The species Boy has mutated, sadly, over the latter decades of the twentieth century, so that it seems almost beneath his dignity now to take second billing to an adult hero. So far from being sidekicks, more often today kids will be seen to kick the living daylights out of grown men — “3 NINJA KIDS”, “HOME ALONE” — (ah, but never women! Some of the more useful conventions of Bad Old Patriarchy remain cosily in place, do they not?), and while they may permit an adult mentor to lurk approvingly in the background — Mr Miyagi in “THE KARATE KID” — there is no question who has taken centre stage. Harry Potter may be a pupil, a novice of the wand-wiggling arts, but we sense from the get-go he has nothing to learn from mere teachers. Sorcerors’ apprentices don’t screw up these days. They win.
It was very much counter to this trend then, that Hollywood brought us “LAST ACTION HERO” (93), one of several misguided efforts to revivify and broaden the repertoire of macho man Arnold Schwarzenegger. In that film Danny Madigan (Austin O’Brien) was literally catapulted from his cinema seat into the thick of the action and found himself escorting screen hero Jack Slater through yet another of his preposterous action adventures. The film was a smörgåsbord of conscious self-guying, genre in-jokes and minor American celebs clamouring for their walk-on appearance. In one scene the exasperated boy, determined to prove to Schwarzenegger they’re trapped in a fantasy movie, writes a short word on a card and holds it up for the man to read aloud, and when the man won’t do so he declares triumphantly that heroes in general certificate movies can’t say that word.
“LAST ACTION HERO” was far from the worst of Schwarzenegger’s later vehicles and had its righteous little homily about the difference between screen violence and the real thing, but it was a box office catastrophe. Audiences of the 90s didn’t want their noisy blockbusters descending into self-parody, didn’t want their macho men teaming up with wiseacre young boys, and weren’t interested in discovering the ‘vulnerable side’ of their screen heroes. Audiences of the 90s preferred their heroes lean, mean and borderline psychotic. It’s something to the credit of Schwarzenegger, Stallone, Bruce Willis, Clint Eastwood and their kind that they usually tire of their psychopath hero personas a lot sooner than their fan base do. In any case, as an incidental rediscovery of the Hollywood boy sidekick, it failed dismally. Men are supposed to play the sidekick role these days and leave kids to the good offices of women. It was disastrously off message.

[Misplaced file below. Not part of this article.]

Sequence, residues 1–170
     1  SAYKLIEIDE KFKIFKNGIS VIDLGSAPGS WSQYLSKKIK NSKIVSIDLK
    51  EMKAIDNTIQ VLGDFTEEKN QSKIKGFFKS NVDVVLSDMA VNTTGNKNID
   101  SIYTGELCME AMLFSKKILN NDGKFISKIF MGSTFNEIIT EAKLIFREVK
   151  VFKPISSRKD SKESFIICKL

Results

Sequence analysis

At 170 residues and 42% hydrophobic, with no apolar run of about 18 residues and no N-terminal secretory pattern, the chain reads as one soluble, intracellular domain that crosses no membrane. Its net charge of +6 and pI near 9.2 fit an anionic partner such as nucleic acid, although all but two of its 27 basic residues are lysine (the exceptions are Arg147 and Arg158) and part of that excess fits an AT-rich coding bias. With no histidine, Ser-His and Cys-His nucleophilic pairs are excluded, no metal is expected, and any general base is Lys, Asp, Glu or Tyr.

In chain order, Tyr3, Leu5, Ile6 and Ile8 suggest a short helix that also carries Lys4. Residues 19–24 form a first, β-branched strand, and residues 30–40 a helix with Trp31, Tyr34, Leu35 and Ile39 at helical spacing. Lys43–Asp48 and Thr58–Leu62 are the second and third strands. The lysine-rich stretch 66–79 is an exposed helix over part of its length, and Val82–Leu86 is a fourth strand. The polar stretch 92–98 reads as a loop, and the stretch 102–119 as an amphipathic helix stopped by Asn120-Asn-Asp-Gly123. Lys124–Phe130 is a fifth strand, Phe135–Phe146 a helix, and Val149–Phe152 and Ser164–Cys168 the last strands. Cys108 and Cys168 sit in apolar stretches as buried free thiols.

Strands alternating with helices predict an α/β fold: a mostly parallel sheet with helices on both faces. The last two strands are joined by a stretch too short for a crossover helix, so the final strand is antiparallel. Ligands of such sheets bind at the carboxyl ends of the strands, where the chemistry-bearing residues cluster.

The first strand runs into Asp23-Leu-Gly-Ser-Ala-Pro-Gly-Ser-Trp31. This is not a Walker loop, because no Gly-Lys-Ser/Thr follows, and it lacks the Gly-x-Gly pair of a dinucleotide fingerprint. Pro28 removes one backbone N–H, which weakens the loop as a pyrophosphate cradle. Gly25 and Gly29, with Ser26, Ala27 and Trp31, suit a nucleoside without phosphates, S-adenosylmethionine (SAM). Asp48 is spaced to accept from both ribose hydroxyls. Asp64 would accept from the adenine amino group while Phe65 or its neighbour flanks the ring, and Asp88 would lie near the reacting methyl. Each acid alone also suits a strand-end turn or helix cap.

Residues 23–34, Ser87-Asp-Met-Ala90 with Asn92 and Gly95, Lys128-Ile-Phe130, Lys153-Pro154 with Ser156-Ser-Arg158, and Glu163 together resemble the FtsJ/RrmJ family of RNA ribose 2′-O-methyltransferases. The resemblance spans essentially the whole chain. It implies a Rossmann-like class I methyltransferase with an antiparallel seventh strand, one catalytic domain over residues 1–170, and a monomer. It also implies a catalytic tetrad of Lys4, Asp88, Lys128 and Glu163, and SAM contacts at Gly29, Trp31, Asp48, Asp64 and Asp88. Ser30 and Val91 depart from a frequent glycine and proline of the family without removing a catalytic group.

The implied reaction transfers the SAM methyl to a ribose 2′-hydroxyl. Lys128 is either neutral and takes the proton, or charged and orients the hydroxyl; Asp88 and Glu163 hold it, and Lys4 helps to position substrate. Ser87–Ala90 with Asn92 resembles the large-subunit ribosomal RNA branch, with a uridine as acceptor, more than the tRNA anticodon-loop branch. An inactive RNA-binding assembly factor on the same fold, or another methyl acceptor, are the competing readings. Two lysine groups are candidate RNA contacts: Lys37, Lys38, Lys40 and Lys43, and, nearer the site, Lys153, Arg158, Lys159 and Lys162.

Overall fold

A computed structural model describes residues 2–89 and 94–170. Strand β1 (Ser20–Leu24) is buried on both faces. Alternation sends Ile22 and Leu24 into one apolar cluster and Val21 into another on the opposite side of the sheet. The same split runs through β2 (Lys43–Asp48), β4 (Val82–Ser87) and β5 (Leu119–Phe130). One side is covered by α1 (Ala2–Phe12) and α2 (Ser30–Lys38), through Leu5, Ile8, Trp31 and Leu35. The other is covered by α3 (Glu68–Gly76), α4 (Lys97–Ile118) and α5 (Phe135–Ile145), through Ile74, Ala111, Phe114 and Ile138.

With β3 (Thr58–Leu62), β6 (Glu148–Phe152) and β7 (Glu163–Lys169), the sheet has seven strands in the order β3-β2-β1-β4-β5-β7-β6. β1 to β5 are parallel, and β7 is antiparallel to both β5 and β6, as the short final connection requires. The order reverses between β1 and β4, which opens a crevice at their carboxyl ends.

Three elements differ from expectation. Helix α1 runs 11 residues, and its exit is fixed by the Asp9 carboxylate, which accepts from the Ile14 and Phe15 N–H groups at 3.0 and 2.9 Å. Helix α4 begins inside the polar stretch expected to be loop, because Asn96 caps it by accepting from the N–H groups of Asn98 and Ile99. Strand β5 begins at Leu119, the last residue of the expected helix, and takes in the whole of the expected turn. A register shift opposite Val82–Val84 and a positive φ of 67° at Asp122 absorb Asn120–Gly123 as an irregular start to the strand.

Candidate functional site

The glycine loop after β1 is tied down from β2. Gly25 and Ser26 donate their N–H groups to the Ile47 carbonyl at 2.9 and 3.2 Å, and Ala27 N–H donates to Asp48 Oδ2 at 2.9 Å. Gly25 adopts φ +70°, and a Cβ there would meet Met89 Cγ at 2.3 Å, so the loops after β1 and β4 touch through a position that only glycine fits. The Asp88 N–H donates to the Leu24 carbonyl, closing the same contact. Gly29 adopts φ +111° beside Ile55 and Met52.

“KIM” (50) was an amusing crossover between the true kid sidekick adventure and the special friendship, or demure love story, as I’ve defined it above. Dean Stockwell did not set foot outside the US for the duration of principal shooting, so it’s a studio-bound affair lacking the colour and vibrancy of a film shot in India, but it plays well enough as a rollicking Kipling boys’ yarn, and with Errol Flynn as his co-star it was certainly no B movie. At 14, Stockwell was just a tad past his luscious, smouldering Hollywood cherub deluxe prime, and in any case too all-American by far to fit snugly in the role of a Victorian British boy mistaken by Indians for an Indian. His ‘little friend of all the world’ Kim displays more haughtiness than street cunning, but what makes the film amusing is that the two pillars of orphan Kim’s life are the rakish, womanising horse trader Mahbub Ali (Flynn), a spy for the British, and the sainted venerable lama Paul Lukas, to whom the boy attaches himself as chela, or disciple.
An Artful Dodger in loincloth and turban, Kim flits and dances nimbly between these two men, admiring and wishing to model himself on the first, loving and wishing to honour the second, who shows his solicitude by packing the boy off to a sahib’s boarding school, much to Kim’s epic disgust. MGM resolved this awkward man/boy/man triangle by allowing Paul Lukas to expire saint-wise in the Hindu Kush (painful), allowing the boy to ride off, bouncing meatily into the sunset on the saddle of Errol Flynn. A TV remake appeared in 1984 with Peter O’Toole and Ravi Sheth, doubtless more faithful to Kipling but, like most remakes, not worth the celluloid it was printed on. It forgot to rollick.